He requested a Thomas-themed birthday with a “Thomas cake.” Luckily, what a “Thomas cake” actually was was up to me.

Inspired

I wanted my cake to look like this beaut’ from Living Well Mom:

What I got was this:

Two things are evident here:

  1. My phone is old and the camera is crap;
  2. My cake decorating skills are not as good as Living Well Mom’s.

Here’s another view for good measure:

The Reception

“It’s Thomas!” he shouted as I approached with the cake. He was delighted.

But then he realized that the Thomas on the cake was actually his toy mini Thomas (thoroughly washed before being placed on the cake). And he was none too pleased about that.

Here he is, removing Thomas from the cake:

The cake was delicious. The buttercream frosting was particularly tasty.

(It helped that the cake was the devil’s food cake box from Betty Crocker. Hey, my time and effort went into the decorating, NOT the baking.)

Happy birthday to our little man. Here’s to another waltz around the sun with you.

What’s For Dinner?

This is Day 5 in a series of essays based on a writing prompt. I never thought I’d keep it up this long…

5. Food: What’s for breakfast? Dinner? Lunch? Or maybe you could write a poem about that time you met a friend at a cafe.

https://thinkwritten.com/365-creative-writing-prompts/

“Mama! What’s for breakfast?”

“Mama, what are we having for lunch?”

“Mama, I don’t want that for dinner! I hate that!”

“Mama, we had this yesterday.”

“Mama this is yucky.”

“Mama, you KNOW I don’t like scrambled eggs!”

“Mama, why don’t you EVER make ANYTHING I like?!”

“Mama, but it’s green!”

“Mama, it’s gone mushy.”

“Mama! I dropped some!”

“Mama, it’s on the floor.”

“Mama, can I put ketchup on it?”

“Mama! Can I have bread? With butter on it?”

“MAMA! I WON’T EAT IT!”

*Gagging sounds*

“Mama… It came back up…”


Mi amor, it’s absolutely delicious. Gracias.

Sigh

Let’s be Honest: Parenting is Tedious

Yeah, I said it!

PARENTING IS TEDIOUS!

C’mon, you all know it’s true. Yes, we adore our children. Yes, we share precious, unforgettable moments with them.

But let’s be real: those precious moments are balanced by an equal number of mind-numbingly dull interactions.

Most of our time as parents is taken up with negotiating somewhat healthy food into our children’s mouths, cleaning up after them and listening to them tell long, rambling stories that MAKE NO SENSE and HAVE NO POINT.

*Sigh*

Endless Needs

As a very wise (and honest) friend once said to me, the tedium of parenting comes from endless kids’ needs coming before our own.

As parents, we have to prioritize the survival of our children: clothing, feeding and getting them to school/daycare. Or just getting them through the day.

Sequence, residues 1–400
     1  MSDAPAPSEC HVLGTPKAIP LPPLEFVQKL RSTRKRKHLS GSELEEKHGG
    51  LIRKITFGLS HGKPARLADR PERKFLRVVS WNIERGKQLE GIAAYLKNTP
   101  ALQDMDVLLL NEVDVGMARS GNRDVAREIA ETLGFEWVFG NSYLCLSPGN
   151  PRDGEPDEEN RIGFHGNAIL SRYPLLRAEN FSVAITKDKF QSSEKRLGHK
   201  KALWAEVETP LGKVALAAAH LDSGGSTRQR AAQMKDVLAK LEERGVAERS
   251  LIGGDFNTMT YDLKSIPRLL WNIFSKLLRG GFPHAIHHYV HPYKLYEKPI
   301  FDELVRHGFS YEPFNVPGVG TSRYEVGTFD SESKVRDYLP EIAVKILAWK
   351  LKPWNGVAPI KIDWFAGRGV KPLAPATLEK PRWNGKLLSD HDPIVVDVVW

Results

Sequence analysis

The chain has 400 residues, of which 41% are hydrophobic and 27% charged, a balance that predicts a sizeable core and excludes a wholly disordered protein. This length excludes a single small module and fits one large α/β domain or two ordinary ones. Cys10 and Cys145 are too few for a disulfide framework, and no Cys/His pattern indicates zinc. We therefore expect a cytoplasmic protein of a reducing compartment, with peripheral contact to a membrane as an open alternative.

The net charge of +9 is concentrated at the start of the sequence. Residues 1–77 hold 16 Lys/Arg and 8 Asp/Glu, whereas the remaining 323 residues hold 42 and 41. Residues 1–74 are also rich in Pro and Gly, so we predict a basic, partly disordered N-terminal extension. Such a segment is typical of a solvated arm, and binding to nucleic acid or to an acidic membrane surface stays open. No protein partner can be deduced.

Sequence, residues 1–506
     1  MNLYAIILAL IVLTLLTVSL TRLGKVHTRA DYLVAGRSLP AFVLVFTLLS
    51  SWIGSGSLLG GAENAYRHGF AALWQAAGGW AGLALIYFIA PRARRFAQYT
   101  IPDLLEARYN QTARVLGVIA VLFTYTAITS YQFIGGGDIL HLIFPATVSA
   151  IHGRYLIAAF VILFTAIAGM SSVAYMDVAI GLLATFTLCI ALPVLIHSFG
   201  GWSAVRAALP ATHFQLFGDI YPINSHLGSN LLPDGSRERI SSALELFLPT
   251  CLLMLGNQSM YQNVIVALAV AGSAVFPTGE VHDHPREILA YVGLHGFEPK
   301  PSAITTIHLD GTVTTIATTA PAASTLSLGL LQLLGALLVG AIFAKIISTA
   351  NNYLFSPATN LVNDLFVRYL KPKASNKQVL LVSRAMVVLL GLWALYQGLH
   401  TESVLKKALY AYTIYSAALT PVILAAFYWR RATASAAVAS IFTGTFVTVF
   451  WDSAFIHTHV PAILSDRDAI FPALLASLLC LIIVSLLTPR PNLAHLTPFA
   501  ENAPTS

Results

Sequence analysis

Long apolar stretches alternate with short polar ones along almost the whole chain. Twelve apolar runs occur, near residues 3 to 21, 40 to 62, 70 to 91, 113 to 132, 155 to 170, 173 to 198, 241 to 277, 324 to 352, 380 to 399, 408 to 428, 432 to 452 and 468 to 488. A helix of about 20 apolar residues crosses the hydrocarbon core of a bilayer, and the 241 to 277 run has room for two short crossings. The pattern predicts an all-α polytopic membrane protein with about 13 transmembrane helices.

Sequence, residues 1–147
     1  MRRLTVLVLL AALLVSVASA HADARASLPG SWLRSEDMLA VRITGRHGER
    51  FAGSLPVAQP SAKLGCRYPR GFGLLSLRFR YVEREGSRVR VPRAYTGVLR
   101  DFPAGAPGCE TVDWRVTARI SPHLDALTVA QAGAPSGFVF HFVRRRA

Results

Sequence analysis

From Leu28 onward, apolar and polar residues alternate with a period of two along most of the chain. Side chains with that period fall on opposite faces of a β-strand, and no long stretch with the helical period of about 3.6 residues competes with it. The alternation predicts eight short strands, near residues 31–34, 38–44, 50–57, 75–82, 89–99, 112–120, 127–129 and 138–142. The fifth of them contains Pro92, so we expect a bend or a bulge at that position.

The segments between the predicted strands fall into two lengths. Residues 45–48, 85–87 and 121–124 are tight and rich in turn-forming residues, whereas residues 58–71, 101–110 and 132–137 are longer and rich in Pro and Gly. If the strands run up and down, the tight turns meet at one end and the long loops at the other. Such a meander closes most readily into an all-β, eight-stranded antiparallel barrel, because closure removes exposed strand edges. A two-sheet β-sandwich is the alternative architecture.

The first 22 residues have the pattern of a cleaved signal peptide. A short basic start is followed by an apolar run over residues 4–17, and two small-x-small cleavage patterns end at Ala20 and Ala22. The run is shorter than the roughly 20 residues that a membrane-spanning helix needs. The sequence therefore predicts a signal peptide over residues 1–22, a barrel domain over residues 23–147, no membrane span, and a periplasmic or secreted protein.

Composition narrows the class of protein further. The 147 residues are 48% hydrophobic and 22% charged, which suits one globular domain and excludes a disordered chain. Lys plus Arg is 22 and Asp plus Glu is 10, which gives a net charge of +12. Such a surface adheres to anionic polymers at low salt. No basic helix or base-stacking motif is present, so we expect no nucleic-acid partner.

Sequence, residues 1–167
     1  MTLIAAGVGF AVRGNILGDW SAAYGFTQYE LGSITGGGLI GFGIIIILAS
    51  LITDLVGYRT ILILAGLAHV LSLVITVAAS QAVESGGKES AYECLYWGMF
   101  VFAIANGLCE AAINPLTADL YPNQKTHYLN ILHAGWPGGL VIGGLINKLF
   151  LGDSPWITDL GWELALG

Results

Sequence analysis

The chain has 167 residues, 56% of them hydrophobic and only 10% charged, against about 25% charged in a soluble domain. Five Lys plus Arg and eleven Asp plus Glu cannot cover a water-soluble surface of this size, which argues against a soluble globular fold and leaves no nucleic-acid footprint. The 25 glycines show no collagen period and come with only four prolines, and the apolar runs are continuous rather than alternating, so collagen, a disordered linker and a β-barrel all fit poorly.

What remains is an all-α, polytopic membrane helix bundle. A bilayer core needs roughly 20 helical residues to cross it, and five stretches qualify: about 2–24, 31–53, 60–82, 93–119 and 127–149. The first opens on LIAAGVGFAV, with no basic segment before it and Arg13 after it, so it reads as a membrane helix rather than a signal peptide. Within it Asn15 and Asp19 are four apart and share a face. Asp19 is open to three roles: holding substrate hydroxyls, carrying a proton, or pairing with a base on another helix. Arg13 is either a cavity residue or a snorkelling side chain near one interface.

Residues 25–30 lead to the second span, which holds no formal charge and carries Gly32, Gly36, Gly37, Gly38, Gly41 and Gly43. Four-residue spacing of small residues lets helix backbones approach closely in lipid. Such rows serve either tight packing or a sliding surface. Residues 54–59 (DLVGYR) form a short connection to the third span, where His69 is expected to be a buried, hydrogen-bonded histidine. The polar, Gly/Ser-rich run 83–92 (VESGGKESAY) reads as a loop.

As a result, our needs come second (if at all).

I really admire those parents who can continue with their pre-kids activities with apparently as much dedication as ever. In my experience, while some things must continue (work, for instance), something always must give way in the face of our children’s needs.

I guess that is the sacrifice of parenthood.

Guilt Again…

In our family, we have each given up something in the face of parenthood. In my Chico’s case, it’s doing the sports he loves. For me, it’s been a career.

This is where the Mom-Guilt-Monster raises its ugly head.

I think: but if we don’t model self care and prioritizing of our interests to our children, how will they learn to take proper care of themselves?

I haven’t figured it out yet but I’m hoping we’ll all learn to strike a balance.

And in any case, even if we think we have everything right and we’re doing everything perfectly, I bet you our kids will grow up to complain to their therapists about us, anyway. Ha!

Picture Day Pitfalls

Last week we saw the poster up on the front door at school and got the flyers in our cubbies:

Picture day! Hooray!

The Bug and the Bear were pretty excited, and we went clothes shopping on Friday afternoon.

We picked some cute plaid shirts, some nice trousers, and the boys got to choose some fun items, too.

We have a rule in our house. The boys choose their clothes on a daily basis. I only require that they dress appropriately for the weather, but then they have full autonomy.

However, on special occasions, Mama gets to choose.

Since they usually get to pick, I rarely run into problems when it comes to special occasion dressing.

Normally, I give them a choice on those occasions. We’ll lay out some nice shirts and trousers for them to pick from.

For Picture Day, however, I was adamant. Bug was to wear his lederhosen.

Yes, lederhosen!

They’re beautiful, green leather, Bavarian lederhosen. They fit him perfectly, and come with a sweet coordinated plaid shirt embroidered with edelweiss.

For the Bear, we put him in a little Bavarian checked button-down shirt with a jaunty boiled-wool hat given to him by his aunt and uncle.